Record-Breaking Rains Flood Death Valley National Park
The damage blocked roadways and left visitors and employees stranded
Roads inside Death Valley National Park remain closed after historic rains caused catastrophic flash flooding on Friday.
Crews are hard at work removing debris, which initially covered 30 miles of the highway, per a statement from the park. State Route 190, a main route into the park, will be off-limits to drivers until later this month as crews assess the damage and begin making repairs.
The 3.4 million-acre park, located near the California-Nevada state line, saw 1.46 inches of rain near the Furnace Creek area in three hours—about 75 percent of what that region typically gets in an entire year, according to Jacques Billeaud and Michael R. Blood of the Associated Press (AP).
The rainfall set a new record for the month of August, and it nearly broke the park’s record for the most rain in a single day—1.47 inches—which occurred on April 15, 1988, report Alex Wigglesworth and Harriet Ryan for the Los Angeles Times.
“The heavy rain that caused the devastating flooding at Death Valley was an extremely rare, 1,000-year event,” says Daniel Berc, a National Weather Service Las Vegas meteorologist, in a statement from the park. “A 1,000-year event doesn't mean it happens once per 1,000 years, rather that there is a 0.1 percent chance of occurring in any given year.”
The deluge caused flash flooding, which buried some 60 vehicles and stranded roughly 1,000 employees and visitors inside the park. Fortunately, nobody was injured, and by Saturday the trapped travelers were able to drive out of the park with law enforcement escorts, reports the park. Emergency responders conducted aerial searches from helicopters and planes to look for any additional stranded vehicles in more remote areas.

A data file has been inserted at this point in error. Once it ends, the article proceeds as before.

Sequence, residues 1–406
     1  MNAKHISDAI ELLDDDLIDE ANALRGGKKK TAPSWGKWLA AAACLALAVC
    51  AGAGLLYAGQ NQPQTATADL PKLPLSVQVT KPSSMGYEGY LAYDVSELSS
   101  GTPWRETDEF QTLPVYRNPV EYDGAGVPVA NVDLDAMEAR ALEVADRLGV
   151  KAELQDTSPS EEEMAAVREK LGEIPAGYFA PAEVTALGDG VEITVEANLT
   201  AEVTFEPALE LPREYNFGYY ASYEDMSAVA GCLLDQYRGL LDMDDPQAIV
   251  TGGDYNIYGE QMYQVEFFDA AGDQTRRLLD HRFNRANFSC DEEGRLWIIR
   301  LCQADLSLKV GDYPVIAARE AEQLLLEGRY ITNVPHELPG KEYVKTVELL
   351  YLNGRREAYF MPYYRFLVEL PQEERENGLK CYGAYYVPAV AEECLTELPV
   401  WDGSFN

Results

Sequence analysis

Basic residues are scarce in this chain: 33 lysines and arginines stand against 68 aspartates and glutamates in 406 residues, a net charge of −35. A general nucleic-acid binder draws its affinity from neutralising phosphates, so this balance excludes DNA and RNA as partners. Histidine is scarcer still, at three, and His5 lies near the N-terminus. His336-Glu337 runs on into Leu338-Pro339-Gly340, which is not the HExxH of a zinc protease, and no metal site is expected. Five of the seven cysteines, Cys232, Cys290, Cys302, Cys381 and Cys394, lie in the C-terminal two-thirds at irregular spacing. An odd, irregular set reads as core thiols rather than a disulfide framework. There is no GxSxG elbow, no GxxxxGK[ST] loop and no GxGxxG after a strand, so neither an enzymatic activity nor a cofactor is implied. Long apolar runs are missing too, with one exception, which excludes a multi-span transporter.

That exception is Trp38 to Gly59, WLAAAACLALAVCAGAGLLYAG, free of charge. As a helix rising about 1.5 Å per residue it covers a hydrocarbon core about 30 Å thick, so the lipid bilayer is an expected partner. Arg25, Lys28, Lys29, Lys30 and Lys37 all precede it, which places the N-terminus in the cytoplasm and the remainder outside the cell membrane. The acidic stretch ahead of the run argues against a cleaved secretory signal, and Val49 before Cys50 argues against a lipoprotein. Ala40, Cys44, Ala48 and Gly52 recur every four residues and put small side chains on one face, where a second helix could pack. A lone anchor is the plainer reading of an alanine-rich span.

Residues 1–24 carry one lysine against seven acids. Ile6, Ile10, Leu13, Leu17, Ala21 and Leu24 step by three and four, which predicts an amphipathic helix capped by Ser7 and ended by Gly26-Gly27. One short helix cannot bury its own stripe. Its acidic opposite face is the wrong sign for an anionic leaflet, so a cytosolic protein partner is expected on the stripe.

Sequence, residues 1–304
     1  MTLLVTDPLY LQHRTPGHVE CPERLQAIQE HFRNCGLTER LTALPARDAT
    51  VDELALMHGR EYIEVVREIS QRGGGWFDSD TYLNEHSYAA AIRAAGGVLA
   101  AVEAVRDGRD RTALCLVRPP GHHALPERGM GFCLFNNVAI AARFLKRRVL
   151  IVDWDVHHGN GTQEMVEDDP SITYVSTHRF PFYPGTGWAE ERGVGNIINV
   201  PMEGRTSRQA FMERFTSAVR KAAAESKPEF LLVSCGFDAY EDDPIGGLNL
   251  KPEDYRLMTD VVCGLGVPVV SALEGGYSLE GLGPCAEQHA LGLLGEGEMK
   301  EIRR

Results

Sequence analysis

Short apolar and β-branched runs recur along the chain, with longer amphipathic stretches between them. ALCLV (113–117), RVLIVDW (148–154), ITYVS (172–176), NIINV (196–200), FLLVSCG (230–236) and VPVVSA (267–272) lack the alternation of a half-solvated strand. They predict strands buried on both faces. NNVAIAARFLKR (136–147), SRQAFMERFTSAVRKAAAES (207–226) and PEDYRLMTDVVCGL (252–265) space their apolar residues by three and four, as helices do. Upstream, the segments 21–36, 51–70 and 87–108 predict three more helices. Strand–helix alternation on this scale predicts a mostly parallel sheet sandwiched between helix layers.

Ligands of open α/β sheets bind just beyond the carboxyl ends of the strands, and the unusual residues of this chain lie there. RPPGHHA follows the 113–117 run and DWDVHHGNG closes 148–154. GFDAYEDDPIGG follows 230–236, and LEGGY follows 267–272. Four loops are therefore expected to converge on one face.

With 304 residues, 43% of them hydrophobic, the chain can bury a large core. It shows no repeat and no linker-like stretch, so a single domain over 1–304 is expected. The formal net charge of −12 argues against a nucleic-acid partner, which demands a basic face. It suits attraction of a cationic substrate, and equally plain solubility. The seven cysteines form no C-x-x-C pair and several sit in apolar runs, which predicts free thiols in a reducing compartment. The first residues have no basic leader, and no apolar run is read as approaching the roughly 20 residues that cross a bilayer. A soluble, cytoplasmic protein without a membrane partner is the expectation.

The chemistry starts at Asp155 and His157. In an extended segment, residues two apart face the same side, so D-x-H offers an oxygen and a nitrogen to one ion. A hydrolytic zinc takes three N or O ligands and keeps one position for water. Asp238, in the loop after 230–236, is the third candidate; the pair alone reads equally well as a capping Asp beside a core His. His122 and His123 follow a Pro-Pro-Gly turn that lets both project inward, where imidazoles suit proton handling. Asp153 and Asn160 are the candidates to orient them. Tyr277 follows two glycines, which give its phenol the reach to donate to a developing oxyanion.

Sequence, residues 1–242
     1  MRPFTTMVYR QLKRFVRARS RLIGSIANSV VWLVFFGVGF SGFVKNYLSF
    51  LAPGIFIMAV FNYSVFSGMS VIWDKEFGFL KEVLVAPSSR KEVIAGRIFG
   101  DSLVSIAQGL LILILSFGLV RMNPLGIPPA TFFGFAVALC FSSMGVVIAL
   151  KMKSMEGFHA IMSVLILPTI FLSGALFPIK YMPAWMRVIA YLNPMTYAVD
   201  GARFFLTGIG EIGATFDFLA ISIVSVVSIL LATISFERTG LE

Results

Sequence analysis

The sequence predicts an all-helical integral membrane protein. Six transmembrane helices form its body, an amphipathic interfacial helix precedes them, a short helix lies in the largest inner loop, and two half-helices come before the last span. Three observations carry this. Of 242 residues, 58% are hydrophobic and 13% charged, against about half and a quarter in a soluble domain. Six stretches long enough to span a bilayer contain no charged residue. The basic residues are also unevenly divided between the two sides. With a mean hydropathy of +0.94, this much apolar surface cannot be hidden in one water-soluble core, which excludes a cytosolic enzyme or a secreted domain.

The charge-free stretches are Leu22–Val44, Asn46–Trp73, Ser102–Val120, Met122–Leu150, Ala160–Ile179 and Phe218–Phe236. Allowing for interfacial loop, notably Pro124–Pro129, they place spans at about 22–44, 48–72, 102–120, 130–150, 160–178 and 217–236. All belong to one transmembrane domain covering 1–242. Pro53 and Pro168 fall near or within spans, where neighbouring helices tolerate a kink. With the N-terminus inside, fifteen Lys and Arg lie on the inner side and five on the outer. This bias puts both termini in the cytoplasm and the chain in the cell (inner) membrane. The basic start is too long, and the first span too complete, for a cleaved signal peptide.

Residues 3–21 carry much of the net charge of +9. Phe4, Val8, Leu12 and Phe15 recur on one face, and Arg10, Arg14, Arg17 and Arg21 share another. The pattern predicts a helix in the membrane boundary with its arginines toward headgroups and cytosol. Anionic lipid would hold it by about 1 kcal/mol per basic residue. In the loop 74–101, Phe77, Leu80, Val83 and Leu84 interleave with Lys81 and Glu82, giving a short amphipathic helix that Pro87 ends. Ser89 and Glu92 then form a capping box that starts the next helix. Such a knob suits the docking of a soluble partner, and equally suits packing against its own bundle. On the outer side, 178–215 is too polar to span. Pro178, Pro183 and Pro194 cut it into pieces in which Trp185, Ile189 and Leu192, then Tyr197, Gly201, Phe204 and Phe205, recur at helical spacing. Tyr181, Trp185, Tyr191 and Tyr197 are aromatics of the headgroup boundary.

Water also flooded rooms and offices at a hotel inside the park, the Inn at Death Valley. Flash floods swept away dumpsters and pushed them into parked cars, which then crashed into other vehicles, according to the park.
Summer storms are typically more localized inside the sprawling national park, which made the wide-reaching weather event a rare occurrence, Jennette Jurado, an incident information specialist with the National Park Service, tells the L.A. Times.
“It seems like every time we get rain here in Death Valley, it makes the rocks move, so that itself wasn’t a surprise,” she adds. “But just having it be so widespread and having so much volume of rain is certainly a pretty big deal for us.”
The Friday downpour caused the second flooding event in the park within a week. Some roads in the national park, which is the country’s largest outside of Alaska, were also closed last Monday because of flash flooding, reports the AP.
“Death Valley is an incredible place of extremes,” says park superintendent Mike Reynolds in a statement. “It is the hottest place in the world and the driest place in North America. This week’s 1,000-year flood is another example of this extreme environment. With climate change models predicting more frequent and more intense storms, this is a place where you can see climate change in action.”